Dr Robert Jay Lifton THE NAZI DOCTORS:
                        Medical Killing and the
                            Psychology of Genocide ©
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He went on to argue that all people, not just the sick, should be willing to put their own lives and those of close family members “at the disposal of the State,” especially during wartime, since “the goal for which we strive ... [is] the greatest that we know ... freedom, greatness and happiness of the people.” He acknowledged the “higher medical and general goal” of ending life unworthy of life as compared with nursing it, but wanted to limit that concept to such situations as that in which a doctor would hasten the death of a terminal cancer patient who longed for it “for healthy [gesund] reasons.” In that sense, Ewald sought to return to the true meaning of euthanasia. And he stressed the “biological bond of blood” that exists “even between a mother and her idiotic child — and demands respect.” Should a family, because of the economic burden created by such a child, consent to its elimination, the state would do better to offer aid to the family, “in order ... not to differentiate between our countrymen who are in a better or worse economic position.”10

Only then did Ewald raise “certain medical objections.” He asked with italicized emphasis: “Do we really know that all the patients who fall under this law are incurable?” Here, focusing on schizophrenia, he pointed out that it contains no clearly recognized histopathology (tissue change) and that new therapies have resulted in “astonishing” recoveries. Going on to explore the psychological consequences for relatives and the general population, he noted that many will be “tortured" by self-blame, whether or not they actually gave consent; that there will be terrible conflict and reproaches within families; and that fear and distrust will be rampant, especially toward doctors, "because one knows that admission to a mental clinic or institution can lead to death.” Not only would medical care for the entire population suffer, but the medical profession would lose its general standing, and people would associate it with everything that is “sinister, monstrous, and terrible.” He boldly invoked the finality of killing: “One can live and even enjoy life without Fallopian tubes or a vas deferens (although most have suffered bitterly under the sterilization procedure), but death puts an end to everything.”11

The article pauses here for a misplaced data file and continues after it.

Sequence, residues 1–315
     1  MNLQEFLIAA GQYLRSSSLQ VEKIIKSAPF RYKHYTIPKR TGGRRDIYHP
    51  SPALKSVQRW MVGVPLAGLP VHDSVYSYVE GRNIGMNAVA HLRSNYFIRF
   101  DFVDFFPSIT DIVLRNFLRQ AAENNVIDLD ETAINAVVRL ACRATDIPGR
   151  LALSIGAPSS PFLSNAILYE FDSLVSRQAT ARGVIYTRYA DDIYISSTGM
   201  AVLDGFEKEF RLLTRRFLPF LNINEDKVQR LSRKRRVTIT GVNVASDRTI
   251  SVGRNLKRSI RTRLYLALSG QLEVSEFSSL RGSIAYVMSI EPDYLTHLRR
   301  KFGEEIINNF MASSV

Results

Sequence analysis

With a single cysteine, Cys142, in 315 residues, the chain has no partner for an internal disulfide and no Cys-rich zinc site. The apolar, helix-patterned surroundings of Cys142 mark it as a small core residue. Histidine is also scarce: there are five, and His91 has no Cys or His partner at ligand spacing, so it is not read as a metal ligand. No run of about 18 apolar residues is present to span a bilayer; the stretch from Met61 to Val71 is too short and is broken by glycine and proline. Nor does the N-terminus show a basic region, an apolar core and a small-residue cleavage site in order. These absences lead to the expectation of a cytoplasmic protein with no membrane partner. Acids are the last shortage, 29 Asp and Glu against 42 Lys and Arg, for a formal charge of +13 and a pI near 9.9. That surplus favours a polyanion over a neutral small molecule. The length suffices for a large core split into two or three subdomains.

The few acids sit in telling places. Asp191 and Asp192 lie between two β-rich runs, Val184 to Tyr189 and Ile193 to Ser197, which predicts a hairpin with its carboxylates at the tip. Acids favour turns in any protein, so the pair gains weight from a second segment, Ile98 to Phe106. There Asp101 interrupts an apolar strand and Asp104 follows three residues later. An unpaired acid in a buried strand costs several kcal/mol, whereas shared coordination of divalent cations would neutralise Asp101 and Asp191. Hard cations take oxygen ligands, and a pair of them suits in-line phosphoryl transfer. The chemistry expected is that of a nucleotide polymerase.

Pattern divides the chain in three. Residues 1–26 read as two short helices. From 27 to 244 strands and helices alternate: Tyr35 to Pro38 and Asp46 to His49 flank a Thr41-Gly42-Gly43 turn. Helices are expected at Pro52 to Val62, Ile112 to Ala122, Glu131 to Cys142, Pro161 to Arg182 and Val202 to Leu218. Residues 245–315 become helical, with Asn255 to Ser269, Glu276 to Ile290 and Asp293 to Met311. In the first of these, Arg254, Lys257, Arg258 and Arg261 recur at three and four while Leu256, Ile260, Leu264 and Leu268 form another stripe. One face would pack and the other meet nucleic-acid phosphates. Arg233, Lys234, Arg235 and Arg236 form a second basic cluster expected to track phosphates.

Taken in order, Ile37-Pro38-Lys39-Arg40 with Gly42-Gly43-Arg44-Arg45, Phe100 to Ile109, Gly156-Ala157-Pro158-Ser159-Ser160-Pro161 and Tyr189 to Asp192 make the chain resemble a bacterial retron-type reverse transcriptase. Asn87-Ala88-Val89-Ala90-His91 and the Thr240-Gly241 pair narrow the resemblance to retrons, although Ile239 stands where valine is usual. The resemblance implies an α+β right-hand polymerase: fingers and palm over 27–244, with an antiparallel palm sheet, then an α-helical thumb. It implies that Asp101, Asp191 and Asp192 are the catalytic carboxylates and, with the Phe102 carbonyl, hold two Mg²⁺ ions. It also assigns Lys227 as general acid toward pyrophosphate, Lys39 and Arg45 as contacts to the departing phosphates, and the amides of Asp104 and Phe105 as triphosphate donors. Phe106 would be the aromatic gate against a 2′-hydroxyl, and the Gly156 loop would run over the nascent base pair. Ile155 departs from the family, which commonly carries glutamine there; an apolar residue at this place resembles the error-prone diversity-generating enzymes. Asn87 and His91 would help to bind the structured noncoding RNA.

Ewald was at his most eloquent in affirming the integrity of the medical profession — but again within a Nazi context:
Physicianship is built on the urge to help another, and comfort and not harm him. The psychiatrist in particular has learned to promote a higher good . . . the good of all .... Every sensible doctor will also approve euthanasia. Who, however, aspiring to become a doctor, will want to be put in the position of eliminating hopeless cases against the wish of their relatives, and, without the most compelling need, taking upon oneself the odium of killing? ... I can certainly kill any time if it is a matter of saving the Volk; ... I would also ... approve the elimination of serious criminals and common vermin. But I cannot choose a profession whose daily business it is to eliminate a sick person because of his sickness after he or his relatives have come to me, trusting and looking for help.
Medical Killing and the
Psychology of Genocide

Robert J. Lifton
ISBN 0-465-09094
© 1986
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